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When Charlotte Harley moved to Falkirk one of her first ports of call was her local Skills Development Scotland (SDS) careers centre.

New to the area and needing support to kickstart her career in an unfamiliar place, the 17 year old was referred to SDS Careers Adviser Alison Dunlop.

Charlotte said: “Alison offered to meet me in the town centre and walk me to the SDS centre, as I was still getting to know my way around the area.

“It meant before I even met her in person I knew she was going to be helpful and kind, and a good listener.”

Charlotte is working with Alison to build her confidence and skills to realise her ambitions of a career in retail.

Alison said: “Since we started to work together I’ve really enjoyed coaching Charlotte to develop her confidence and open up more about what’s important to her.

“She’s not afraid now to tell me what she thinks is right for her and she’s actively taking part in opportunities to develop her career management skills.

“Charlotte’s really taken ownership to move forward with her career plans.”

One of the first opportunities Charlotte took advantage of was SDS Falkirk’s Generation A course.

The unique programme is for a small group of young people which SDS runs from its Falkirk careers centre on Manor Street in partnership with Falkirk Council.

Taking place one afternoon a week across 10 to 12 weeks, it works to help participants to build confidence and begin to tackle any issues which may be stopping them from reaching their potential.

It’s a way to kickstart what will be a longer learning journey for young people to continue with their SDS careers adviser one-to-one and using Scotland’s careers website My World of Work.

With Alison’s support, Charlotte has been able to build on her experience with Generation A and  is now volunteering at a charity shop to build her retail experience and get ready to take up a place at Forth Valley College on a preparation for customer service course.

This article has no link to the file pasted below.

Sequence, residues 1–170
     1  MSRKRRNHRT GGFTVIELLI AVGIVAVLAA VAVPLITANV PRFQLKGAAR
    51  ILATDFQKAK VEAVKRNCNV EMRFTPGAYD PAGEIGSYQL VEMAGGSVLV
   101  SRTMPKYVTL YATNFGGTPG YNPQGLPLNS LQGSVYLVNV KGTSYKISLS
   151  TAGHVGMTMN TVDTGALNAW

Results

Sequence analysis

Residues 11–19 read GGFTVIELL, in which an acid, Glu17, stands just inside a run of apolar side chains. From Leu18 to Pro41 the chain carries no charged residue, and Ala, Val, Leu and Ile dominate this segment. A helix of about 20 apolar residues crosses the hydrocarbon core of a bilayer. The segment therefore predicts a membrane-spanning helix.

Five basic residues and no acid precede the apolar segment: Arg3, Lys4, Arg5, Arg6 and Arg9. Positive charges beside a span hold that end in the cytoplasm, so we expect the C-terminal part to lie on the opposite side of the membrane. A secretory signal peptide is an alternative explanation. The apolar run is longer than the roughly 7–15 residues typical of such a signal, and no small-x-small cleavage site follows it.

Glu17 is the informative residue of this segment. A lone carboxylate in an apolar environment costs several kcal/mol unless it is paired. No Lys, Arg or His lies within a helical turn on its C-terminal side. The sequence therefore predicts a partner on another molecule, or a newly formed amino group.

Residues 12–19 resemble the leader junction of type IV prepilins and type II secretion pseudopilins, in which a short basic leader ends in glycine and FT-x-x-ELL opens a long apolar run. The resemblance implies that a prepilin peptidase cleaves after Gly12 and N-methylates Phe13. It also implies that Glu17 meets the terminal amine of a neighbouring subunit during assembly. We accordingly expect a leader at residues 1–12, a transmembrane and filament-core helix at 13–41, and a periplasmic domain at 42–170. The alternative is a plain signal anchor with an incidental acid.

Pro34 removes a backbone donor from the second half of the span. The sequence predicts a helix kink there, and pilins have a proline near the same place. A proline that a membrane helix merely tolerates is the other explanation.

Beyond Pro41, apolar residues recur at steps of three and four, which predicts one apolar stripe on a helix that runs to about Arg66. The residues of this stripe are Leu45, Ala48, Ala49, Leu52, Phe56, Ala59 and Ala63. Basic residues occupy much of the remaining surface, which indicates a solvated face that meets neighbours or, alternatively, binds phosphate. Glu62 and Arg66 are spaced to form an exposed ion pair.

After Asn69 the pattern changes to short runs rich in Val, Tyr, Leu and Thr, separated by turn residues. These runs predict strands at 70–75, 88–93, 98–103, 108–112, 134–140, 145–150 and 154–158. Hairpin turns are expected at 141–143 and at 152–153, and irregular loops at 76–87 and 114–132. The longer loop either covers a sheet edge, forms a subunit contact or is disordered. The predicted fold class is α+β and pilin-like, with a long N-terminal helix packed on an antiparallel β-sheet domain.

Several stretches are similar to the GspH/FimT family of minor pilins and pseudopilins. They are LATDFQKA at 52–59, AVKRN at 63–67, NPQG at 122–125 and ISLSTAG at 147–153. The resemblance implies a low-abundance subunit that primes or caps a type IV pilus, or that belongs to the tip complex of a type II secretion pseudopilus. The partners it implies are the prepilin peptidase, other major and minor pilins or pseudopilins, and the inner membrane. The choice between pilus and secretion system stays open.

Charlotte said: “I loved the Generation A course.

“It helped me to build confidence, and I got the chance to go to Forth Valley College and see what it was like.”

A big part of their work together is to build up Charlotte’s career management skills, particularly around her resilience and decision making.

Developing career management skills not only enables a person to understand who they are and what they’re good at, but what they want to work towards next and who can help them take those steps.

Alison said: “At their heart, career management skills are about happiness. If you build up your career management skills you will realise your potential and be engaged in the world of work in a way that makes you fulfilled and therefore happier.

“Those are the crucial skills SDS careers advisers are working with people across the country to develop.”

Whatever opportunities Charlotte goes on to, Alison will continue to work with her as long as she needs it.

Alison said: “One of the things I enjoy most about my job is being able to be there for someone and supporting them as they move step-by-step to achieving their career goals.

“SDS is Scotland’s careers service, and we can help people no matter what age they are or what stage they’re at in their career, for as long as they need it.

“We’re in every state secondary school in Scotland as well as in careers centres on high streets all over the country.

“Whatever challenge you’re facing or goal you want to reach, we can help.”

Charlotte has no hesitation in recommending SDS’s careers services to other young people.

“The careers centre is amazing, and they help you with whatever you want to do. Alison is so great at her job.

“We laugh now looking back at when I said I wanted to be busy but now I don’t have any days I’m not doing something to help me move forward with my career.”

 

Find out more about SDS careers services.

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